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Author Topic: Cracked Ribs?  (Read 1098 times)
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Bigbandito
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« on: June 13, 2018, 12:39:27 PM »

My next project includes cracked ribs. I'm pretty sure I know what they are, but I'm a little unsure as to the best way to construct them. I searched for a post on the topic and found none. Would anyone like to provide a little advice?

Oh, and I understand some competition classes don't allow them. This is a P-30. Am I OK with cracked ribs?

Thanks
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flydean1
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« Reply #1 on: June 13, 2018, 10:55:34 PM »

No structural restrictions in P30.

Usually my main spar was full depth and established the high point.  Sometimes I notched the bottom for the lower stick, sometimes simply glued it on top of the lower stick.

Bottom stick goes from leading to trailing edge.  Front top goes from leading edge to top of main spar.  Rear top goes from main spar to trailing edge.  There is usually a spar on top of the front stick midway between the main spar and leading edge from root to tip.  Some on larger models use two such on the front, dividing the area in thirds.

There are variations such as using diagonals to gain some torsional stiffness.  For years, I built all my scale models with tapered or elliptical wings using this method.  It works really well.
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packardpursuit
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« Reply #2 on: June 14, 2018, 07:23:08 AM »

It never appealed to me but IIRC, the usual method of cracking the rig cap stick was to crease the stick in the appropriate spot with a finger or thumbnail. Again, IIRC, a fellow named Oldencamp came up with method specifically for his early P-30 design.

Suggest trying simple excersise to learn best technique that works for you. You could create a common specific length sticks for all the tops and arrange some sort of guage to determine the point of thumbnail impression.  the idea is to crease the soft balsa so that the break is localised to a repeatable degree, but not to break off or separate the stick completely. Remaining fibers of the shattered induced failure are fixed back togeher with glue while being glued to the spar, LE and TE.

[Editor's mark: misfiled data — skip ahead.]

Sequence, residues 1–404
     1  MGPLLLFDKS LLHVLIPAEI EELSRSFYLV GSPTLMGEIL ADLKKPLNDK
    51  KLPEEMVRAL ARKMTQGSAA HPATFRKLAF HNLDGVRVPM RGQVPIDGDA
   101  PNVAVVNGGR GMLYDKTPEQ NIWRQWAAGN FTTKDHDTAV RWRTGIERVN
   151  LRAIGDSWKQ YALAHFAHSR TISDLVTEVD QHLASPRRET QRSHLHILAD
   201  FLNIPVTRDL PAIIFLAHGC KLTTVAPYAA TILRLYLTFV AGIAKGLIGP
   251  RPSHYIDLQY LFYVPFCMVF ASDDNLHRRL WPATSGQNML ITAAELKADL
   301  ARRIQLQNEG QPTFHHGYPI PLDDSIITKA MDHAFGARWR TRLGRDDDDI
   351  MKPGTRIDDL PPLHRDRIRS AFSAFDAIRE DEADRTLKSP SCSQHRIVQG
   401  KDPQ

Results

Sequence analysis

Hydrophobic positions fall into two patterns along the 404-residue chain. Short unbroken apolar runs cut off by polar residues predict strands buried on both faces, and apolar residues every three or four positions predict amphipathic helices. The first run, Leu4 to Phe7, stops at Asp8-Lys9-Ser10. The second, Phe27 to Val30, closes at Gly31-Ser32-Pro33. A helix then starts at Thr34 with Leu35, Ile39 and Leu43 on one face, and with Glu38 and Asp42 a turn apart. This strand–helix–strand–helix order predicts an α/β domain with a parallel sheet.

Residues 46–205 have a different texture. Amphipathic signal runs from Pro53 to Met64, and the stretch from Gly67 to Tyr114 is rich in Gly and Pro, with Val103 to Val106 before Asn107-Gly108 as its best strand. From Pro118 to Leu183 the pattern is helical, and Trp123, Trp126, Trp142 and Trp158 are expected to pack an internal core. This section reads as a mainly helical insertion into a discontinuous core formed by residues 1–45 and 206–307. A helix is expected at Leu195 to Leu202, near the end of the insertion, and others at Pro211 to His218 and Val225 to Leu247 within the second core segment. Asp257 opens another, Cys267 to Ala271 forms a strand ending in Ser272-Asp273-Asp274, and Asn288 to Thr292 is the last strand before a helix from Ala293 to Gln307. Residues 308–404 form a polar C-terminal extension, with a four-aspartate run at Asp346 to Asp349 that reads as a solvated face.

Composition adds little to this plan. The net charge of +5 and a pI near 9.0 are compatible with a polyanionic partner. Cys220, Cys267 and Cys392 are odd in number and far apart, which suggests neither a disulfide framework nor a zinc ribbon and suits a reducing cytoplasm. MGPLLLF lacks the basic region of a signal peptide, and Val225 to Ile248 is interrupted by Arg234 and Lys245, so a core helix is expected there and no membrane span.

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Crabby
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« Reply #3 on: June 14, 2018, 10:57:44 AM »

BigBandito, are you getting ready to start the Spitfire P-30?
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Bigbandito
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« Reply #4 on: June 14, 2018, 12:51:53 PM »

Thanks for the explanation folks. It's just what I needed.
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Bigbandito
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« Reply #5 on: June 14, 2018, 12:55:00 PM »

BigBandito, are you getting ready to start the Spitfire P-30?

I am! And I'm very excited about it. It's for a club competition in mid-August. That's a fast build for me.

Next thing I need to do is plan how to build the spinner and keep a freewheeling prop. I was going to use a Gizmo Geezer, but no stock available right now. I guess It doesn't really have to have a spinner if I run short on time.
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« Reply #6 on: June 14, 2018, 01:03:56 PM »

I believe that the late John Oldenkamp was the person that originated the cracked rib construction technique in his Hot Box P-30 model.